Red River Valley Museum
|Location||4600 College Drive |
In the Berry History and Science Room, visitors will find exhibits that depict local history all the way back to the age of the dinosaurs, and includes an indigenous tribal artifact collection donated by Mr. and Mrs. J. Henry Ray. The Jack Teagarden Exhibit features his personal effects donated by his family after his 1964 death. Photographs and memorabilia of other locally born celebrities such as Roy Orbison can also be found in this room.
The Early History of Vernon, Texas exhibit includes the history of the oil industry in Wilbarger County.
To preserve, protect and present the history and exhibits entrusted to the Red River Valley Museum in an interesting and entertaining manner.
The Berry Gallery of History & ScienceEdit
Step back in time to the age of the dinosaur when you enter The Berry Room which houses select portions of the J. Henry and Ethel Ray Artifacts Collection. This vast collection of fossils and native artifacts was uncovered in over twenty-five years of exploring Wilbarger County and the Red River Valley area. The rich and colorful history of Wilbarger County can be traced over 10,000 years ago as evidenced by the artifacts found in this collection.
Continuing through the Berry Room will lead you through the course of Wilbarger County’s history. Learn about Quanah Parker, the Doan’s family and the annual Doan’s Picnic, the Great Western Cattle Drive, and so much more! The county’s more modern history is recounted in this exhibit as well. The primary source of income for Wilbarger today is agriculture and oil related products, Wright Brand Foods which is now a Tyson Plant, Solvay – a plant which produces items from guar, Vernon Regional Junior College, and a State Hospital.
The Bond GalleryEdit
Lions, tigers, bears and more await visitors to this incredible animal collection!
This one of a kind collection features animals ranging from the tiny Dik Dik, an antelope that populates the savannahs of eastern Africa, to the mighty Polar Bear that inhabits the frigid Arctic Circle. Learn about these animals and their native habitats as you explore the gallery. This collection of animals from around the world was donated by William “Bill” Bond, a successful rancher who was instrumental in the establishment of the Red River Valley Museum.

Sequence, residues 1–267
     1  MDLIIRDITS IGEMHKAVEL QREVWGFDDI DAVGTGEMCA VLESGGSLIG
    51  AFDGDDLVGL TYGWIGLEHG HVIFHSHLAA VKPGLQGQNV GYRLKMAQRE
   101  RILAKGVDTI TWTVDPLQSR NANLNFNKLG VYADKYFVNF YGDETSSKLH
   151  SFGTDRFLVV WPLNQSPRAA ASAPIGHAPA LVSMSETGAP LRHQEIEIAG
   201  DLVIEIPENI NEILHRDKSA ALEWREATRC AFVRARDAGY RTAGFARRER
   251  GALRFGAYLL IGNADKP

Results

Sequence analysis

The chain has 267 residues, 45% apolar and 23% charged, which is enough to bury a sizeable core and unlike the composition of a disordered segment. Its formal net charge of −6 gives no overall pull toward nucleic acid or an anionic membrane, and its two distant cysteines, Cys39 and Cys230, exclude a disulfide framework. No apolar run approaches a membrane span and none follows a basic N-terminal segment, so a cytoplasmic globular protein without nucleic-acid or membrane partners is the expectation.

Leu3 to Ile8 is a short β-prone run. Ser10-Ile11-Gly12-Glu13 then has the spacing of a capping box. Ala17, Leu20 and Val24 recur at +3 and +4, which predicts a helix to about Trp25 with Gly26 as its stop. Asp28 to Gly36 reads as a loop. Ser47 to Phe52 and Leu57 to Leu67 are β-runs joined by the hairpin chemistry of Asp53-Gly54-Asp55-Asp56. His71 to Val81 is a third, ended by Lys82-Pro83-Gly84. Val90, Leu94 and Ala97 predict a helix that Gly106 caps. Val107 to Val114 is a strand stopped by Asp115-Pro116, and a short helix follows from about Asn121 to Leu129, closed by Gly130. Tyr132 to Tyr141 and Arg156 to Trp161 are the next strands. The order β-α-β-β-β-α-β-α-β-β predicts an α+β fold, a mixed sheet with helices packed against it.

Newly remodeled in the fall of 2020, The Bond Gallery teaches visitors the importance of conservation. Discover facts about all 130+ animals in this collection and learn how smart human impact can help endangered animals regrow their population!
The Waggoner GalleryEdit
When W.T. Waggoner was just a lad, he and his father set about on an adventure that would end with a ranching empire of well over 500,000 acres of Texas land, covering parts of six counties. The Waggoner Ranch would come to be known as the largest ranch in the United States under one fence at 530,000 acres.
Learn about the history of the ranching industry in Wilbarger County, the Waggoner Ranch, and what it means to be a Cowboy while exploring the Waggoner Gallery.
Wheelchair accessible. Gift shop onsite.
Admission is $10 for adults and $5 for children, donations accepted as well
Hours: Hours: 10:30 a.m. – 5 p.m., Tuesday through Friday. Closed New Year's Day, Easter, July 4, Thanksgiving and Christmas
- "RR Valley Museum". Texas Historical Commission. Retrieved 1 February 2012.
- "Red River Valley Museum". Texas Historical Commission. Retrieved 1 February 2012.
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- "Red River Valley Museum: Electra Waggoner Biggs display". Red River Valley Museum. 19 August 2008. Archived from the original on 5 October 2012. Retrieved 23 November 2012.
- Swanson, Eric R (1995). Geo-Texas. Texas A & M University Press. p. 198. ISBN 978-0-89096-682-2.
- "William A. Bond Wild Game Trophy Room at the Red River Valley Museum". Red River Valley Museum. 19 August 2008. Retrieved 23 November 2012.
- Red River Valley Museum - official site